Quinoa is one of the healthiest and most versatile foods you can eat, and not only does it taste great, it’s also full of protein and complex carbs. Adding some cooked quinoa to a couple cracked eggs is a great way to start off the day on a healthy foot.
‘Nduja is a spicy, spreadable salami, and a tablespoon or two mixed into some eggs will lend the dish a complex, meaty, spicy unctuousness.
Any ground meat, including beef, chicken and lamb, will also complement eggs nicely.
Roasted butternut squash, either cubed or pureed, makes for a nice autumnal sidekick to eggs.
Lentils are high in protein, fiber, vitamins and minerals, and they’re also super-versatile. When added to eggs, they’re an easy and cheap meal for any time of day.
Like crab, shrimp scrambled up with eggs is undeniably delicious.
One diced up anchovy scrambled into a couple eggs adds a dose of umami that can’t be beat. Just add the anchovy to the pan first to heat it up.
Smoked salmon and eggs, especially with some onions mixed in as well, is a simple combo that’s served as the foundation for many a classic New York bagel.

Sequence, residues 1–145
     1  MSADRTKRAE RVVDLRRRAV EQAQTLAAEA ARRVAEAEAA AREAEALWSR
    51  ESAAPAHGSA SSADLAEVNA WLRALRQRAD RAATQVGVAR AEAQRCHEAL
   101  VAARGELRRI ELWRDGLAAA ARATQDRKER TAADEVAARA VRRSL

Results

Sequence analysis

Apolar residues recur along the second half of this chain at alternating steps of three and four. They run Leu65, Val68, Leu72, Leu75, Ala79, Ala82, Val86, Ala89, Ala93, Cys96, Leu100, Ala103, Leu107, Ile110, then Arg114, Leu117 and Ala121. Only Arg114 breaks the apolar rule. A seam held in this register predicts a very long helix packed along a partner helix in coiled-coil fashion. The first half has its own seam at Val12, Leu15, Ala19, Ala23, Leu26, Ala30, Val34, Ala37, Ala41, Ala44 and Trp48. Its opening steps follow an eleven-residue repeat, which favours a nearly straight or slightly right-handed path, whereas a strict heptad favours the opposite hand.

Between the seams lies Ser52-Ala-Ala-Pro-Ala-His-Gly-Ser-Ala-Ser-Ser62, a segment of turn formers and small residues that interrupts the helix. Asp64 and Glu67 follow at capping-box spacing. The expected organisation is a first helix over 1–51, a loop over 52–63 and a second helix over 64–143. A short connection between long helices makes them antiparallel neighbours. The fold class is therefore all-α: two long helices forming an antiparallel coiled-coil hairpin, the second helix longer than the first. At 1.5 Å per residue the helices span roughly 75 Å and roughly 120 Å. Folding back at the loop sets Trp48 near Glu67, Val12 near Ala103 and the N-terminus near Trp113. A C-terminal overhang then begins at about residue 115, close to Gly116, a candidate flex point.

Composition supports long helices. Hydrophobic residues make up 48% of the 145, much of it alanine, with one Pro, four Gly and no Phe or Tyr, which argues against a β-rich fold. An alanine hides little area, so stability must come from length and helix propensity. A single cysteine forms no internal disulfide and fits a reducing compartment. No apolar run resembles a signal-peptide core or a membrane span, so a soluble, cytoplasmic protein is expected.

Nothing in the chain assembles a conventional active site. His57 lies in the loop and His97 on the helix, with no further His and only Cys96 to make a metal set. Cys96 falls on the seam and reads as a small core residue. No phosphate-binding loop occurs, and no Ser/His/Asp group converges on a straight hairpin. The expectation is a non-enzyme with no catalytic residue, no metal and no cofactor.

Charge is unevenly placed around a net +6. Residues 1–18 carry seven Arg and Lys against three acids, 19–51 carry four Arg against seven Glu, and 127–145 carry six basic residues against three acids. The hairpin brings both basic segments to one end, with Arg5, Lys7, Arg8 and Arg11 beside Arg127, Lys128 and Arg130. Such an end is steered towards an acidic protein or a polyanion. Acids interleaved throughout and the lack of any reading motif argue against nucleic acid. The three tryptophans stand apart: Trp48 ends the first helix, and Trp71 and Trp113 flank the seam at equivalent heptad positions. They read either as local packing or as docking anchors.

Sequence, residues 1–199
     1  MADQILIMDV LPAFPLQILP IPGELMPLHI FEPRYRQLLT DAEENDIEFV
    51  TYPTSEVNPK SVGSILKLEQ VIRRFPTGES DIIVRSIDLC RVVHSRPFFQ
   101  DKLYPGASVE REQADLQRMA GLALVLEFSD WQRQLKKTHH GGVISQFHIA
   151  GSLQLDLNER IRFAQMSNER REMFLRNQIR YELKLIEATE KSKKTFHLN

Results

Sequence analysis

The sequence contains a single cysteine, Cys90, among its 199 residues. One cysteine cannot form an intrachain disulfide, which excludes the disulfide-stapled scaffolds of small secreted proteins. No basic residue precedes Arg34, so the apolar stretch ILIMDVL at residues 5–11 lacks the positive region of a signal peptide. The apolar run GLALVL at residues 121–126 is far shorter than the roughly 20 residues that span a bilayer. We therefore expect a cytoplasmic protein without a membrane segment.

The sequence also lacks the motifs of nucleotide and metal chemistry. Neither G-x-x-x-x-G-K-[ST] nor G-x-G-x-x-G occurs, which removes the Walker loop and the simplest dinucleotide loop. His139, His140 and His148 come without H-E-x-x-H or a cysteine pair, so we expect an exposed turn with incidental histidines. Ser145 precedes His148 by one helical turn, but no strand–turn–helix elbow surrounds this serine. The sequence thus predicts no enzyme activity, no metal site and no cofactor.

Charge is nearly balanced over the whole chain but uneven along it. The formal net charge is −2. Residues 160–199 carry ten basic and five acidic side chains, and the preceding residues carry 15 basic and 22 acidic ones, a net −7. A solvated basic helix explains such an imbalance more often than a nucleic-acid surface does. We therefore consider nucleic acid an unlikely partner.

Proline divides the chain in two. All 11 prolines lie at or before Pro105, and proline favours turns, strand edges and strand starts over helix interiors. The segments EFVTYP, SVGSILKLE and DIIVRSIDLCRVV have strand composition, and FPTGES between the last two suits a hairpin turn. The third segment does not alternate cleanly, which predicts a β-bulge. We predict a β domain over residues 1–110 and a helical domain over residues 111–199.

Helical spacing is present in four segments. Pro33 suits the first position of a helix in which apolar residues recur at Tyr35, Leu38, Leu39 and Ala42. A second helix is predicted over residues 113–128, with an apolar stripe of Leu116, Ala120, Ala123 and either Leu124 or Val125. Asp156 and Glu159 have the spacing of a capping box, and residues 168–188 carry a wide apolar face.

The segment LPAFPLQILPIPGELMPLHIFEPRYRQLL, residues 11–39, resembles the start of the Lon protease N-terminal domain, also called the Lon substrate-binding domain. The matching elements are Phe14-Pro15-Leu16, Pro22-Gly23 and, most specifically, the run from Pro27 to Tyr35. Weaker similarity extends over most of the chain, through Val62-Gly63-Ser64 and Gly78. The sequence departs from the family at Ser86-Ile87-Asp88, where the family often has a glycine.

Creamy and tangy, a spoonful of cream cheese can easily elevate scrambled eggs — especially if you also add some smoked salmon.
If you’re into kimchi — spicy Korean fermented cabbage — then you already know that it adds a serious kick to everything it touches. Do yourself a favor and scramble some into eggs as well.
Red and green curry paste are intensely flavorful, and spooning a little into your eggs before scrambling can add a layer of East Asian complexity.
Gochujang is a spicy fermented Korean red chile condiment that’s an absolute flavor bomb. If you love spicy food but are tired of topping your eggs with sriracha, mix in some gochujang instead.
Bouillon is just concentrated stock, so it’s full of umami and easily imparts a heady dose of whatever flavor it is — chicken, beef or vegetable. It’s also packed with sodium, so there’s no need to add additional salt. Instead of adding a full bouillon cube, which might be overdoing it, add a small spoonful of bouillon flakes or a little bit of every home cook’s best friend, beef or chicken base, to your eggs before scrambling.
Rich and fatty, like sour cream on steroids, crème fraiche adds a rich, creamy elegance to scrambled eggs.